Entries tagged with “red pepper”.
Did you find what you wanted?
Wed 6 Feb 2013
Posted by Dana under Savory, Sweet
Here’s what is fantastic about hot pepper jelly: when you’ve got it you’re moments away from appetizers. Get a plate, and put out some crackers, a wedge of cheese (two if you’ve got a selection in your fridge) and the jelly. All the extra preparation you need is to get a pair of knives for slicing the cheese and spreading the jelly.
An appetizer where your guests get to get involved, choose their cheese and spread their jam, and actually associate with the food they are partaking in helps to create a comfortable homey atmosphere. And you save yourself the work of putting together a tray of constructed snacks, though if you like getting lost in fiddly details like I do, you could elect to go that route as well.
If you’re feeling fancy, you could always do some baked brie with hot pepper jelly as a topper and prepare yourself for some glorious creamy melted brie contrasted with the heat and acid of the jelly. Fabulous!
What about if you are looking for more of a main than a starter? Red pepper jelly makes a lovely glaze on salmon or other meats and it is also very tasty spread on a sandwich.
I know that there are quite a few people who’ve received a jar of red pepper jelly as a gift or bought it on a whim because it is so pretty in a jar, and then it sits lonely and unopened in the pantry. Add it to your menu, you’ll be happy you did!
Tequila Sunset Hot Pepper Jelly
1 red bell pepper
1 orange bell pepper
1 yellow bell pepper
1 habanero pepper
1 Fresno pepper
6 Cups sugar
1 1/2 Cups white wine vinegar
1/2 Cup tequila
170 mL liquid pectin (If you only have powdered pectin, don’t worry. See how to convert here)
- Remove the stems, veins and seeds from all of the peppers. When you are handling the habaneros please wear gloves or wash your hands super thoroughly when you’re done, because otherwise the next time you touch your eyes you’ll be in for some burning unpleasantness.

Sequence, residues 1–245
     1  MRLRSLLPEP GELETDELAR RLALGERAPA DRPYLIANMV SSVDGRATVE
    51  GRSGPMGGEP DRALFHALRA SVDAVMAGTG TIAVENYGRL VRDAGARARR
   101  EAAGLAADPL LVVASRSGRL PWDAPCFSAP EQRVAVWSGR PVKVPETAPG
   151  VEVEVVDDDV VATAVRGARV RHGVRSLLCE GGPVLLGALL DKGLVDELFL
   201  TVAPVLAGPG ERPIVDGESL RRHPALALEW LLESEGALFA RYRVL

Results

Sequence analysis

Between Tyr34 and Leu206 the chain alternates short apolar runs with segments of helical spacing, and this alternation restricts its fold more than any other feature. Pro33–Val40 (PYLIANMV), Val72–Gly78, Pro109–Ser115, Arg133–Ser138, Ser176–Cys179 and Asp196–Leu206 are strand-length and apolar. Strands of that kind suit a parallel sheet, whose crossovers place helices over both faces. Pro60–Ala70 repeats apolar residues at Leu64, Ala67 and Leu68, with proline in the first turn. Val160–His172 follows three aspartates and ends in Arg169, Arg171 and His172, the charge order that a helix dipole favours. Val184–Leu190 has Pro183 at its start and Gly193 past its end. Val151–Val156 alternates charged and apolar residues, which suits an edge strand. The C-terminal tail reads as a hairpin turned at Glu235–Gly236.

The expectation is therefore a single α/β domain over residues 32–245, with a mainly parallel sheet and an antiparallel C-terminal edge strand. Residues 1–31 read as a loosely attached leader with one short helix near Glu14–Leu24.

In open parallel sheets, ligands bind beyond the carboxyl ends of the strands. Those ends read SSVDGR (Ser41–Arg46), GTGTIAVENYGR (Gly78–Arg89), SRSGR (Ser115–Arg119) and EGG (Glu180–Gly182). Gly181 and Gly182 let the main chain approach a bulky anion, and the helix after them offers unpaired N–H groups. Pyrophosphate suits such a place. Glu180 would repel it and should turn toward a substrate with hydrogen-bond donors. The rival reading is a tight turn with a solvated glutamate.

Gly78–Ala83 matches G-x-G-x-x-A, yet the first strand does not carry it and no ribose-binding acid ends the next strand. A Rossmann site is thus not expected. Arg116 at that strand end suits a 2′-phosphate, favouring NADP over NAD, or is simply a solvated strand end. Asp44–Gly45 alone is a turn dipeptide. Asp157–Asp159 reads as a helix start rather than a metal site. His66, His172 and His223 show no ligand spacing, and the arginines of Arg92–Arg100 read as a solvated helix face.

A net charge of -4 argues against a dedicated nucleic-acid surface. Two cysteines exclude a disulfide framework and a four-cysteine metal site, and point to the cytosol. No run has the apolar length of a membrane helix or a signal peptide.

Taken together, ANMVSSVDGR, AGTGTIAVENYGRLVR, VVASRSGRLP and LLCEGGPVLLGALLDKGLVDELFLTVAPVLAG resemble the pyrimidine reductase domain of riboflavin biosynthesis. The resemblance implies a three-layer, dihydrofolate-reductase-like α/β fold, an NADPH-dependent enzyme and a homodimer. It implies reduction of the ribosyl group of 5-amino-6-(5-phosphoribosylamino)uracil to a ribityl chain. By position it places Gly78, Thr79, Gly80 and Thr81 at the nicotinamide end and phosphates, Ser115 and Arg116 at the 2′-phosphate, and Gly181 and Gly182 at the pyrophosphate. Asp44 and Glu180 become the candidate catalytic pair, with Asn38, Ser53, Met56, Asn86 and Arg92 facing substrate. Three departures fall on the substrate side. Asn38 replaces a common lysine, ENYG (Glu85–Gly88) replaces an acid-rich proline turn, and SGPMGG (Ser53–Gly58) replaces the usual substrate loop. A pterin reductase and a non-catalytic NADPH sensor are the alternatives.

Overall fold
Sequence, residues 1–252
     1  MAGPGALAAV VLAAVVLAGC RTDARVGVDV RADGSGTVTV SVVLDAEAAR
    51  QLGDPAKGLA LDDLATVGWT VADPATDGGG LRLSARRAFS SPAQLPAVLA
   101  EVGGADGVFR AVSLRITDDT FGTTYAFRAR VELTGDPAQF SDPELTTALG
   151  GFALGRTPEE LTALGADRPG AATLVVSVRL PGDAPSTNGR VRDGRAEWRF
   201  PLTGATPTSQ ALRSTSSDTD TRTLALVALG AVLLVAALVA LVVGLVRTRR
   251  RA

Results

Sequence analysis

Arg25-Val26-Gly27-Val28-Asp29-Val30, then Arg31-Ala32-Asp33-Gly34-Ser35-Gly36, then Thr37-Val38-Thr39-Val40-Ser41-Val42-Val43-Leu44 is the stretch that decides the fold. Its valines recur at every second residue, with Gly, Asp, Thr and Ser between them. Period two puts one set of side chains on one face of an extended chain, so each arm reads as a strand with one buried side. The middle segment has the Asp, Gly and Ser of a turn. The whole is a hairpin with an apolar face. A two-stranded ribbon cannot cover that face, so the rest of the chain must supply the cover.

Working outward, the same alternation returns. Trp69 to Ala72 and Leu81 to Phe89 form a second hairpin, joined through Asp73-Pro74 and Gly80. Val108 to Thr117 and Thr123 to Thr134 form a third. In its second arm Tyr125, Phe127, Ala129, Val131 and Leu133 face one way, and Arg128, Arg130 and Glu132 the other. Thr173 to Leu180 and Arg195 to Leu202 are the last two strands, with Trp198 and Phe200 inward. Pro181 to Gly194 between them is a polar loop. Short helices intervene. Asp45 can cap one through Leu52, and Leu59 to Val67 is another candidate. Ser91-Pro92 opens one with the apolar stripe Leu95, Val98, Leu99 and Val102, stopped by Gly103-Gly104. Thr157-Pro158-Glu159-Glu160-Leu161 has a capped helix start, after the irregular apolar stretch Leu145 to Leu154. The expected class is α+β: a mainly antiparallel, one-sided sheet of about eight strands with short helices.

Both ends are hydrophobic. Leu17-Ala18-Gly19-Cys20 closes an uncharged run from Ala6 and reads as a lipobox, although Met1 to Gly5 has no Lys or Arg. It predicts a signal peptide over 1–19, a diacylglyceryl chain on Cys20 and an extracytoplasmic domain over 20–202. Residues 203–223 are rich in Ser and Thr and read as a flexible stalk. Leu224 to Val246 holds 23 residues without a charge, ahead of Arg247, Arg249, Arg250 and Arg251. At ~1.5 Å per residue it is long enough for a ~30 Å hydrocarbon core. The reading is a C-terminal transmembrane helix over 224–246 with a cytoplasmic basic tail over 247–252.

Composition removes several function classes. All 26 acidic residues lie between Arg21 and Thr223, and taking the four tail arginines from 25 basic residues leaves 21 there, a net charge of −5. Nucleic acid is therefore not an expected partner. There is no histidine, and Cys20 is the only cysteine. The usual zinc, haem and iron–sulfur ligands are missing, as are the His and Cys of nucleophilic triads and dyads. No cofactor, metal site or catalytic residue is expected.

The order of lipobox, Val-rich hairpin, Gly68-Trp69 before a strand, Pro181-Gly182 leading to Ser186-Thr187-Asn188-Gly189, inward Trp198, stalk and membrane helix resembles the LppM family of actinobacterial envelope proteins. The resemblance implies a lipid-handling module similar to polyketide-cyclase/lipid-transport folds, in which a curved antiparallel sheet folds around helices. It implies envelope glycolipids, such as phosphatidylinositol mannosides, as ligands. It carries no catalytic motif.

- Finely dice all of the peppers.
- Set a heavy bottomed pot over medium-high heat. Add the bell peppers, habanero, sugar, and white wine vinegar and bring them to a roiling boil, stirring constantly. Boil for 5 minutes.
- Stir in the tequila and liquid pectin. Continue to boil for 1 minute before moving from heat.
- Process in sterilized jars.
The tequila makes this hot pepper jelly really special. Like anything tasty you can get in a shot glass, it smooths out any rough, rumpled edges. It makes all the burst of flavor just a little more sleek, decreasing the bite of the white wine vinegar without stepping to hard on the heat from the peppers.
And, much like watermelon jam makes you feel sunshine just looking at it, the yellows, oranges, and reds suspended in the jelly certainly make me feel cheerful. Tequila guarantees a fun time.
Mister says: “You could put this on a brick and I would still eat it.”
This time last year: Orange Cardamom Cookies
And the year before: Deeply Chocolate Ice Cream
Mon 9 Apr 2012
Posted by Dana under Savory
A few days before Easter I got a phone call from Mr’s mum. She was looking for a recipe for a curried chickpea salad; something she could whip up a batch of and keep in the fridge for a few days while bringing portions of it to work for lunch. I told her I was sure I could find something and that I’d make a batch for Easter supper, so we could try it out, and she would have some left to start off taking it for lunch.
I was pretty happy with how it turned out, as was Mr’s mum and the other Easter guests. The chickpeas take up the spicy, tangy vinaigrette really well. Next time, I would suggest a little more curry, because I would like the flavor to be a little more prevalent, but that’s just me.
There was one person who was downright unenthused about our curried chickpea salad, Mr. He’s the apple of my eye, but decidedly not a fan of chickpeas; nor does he enjoy curry. In his eyes this was pretty much salad gone wrong. Luckily, the Easter feast provided a lot of other options for him, so he could abstain from the chickpeas and the curry without missing too much of the meal.
Curried Chickpea Salad
1/2 Cup sultanas
2 – 15 oz tins chickpeas
1 red bell pepper
2 tsp apple cider vinegar
2 Tbsp lime juice
1/4 Cup olive oil
2 tsp curry powder (I’ll increase to 1 Tbsp next time, I like a little more heat)
2 tsp maple syrup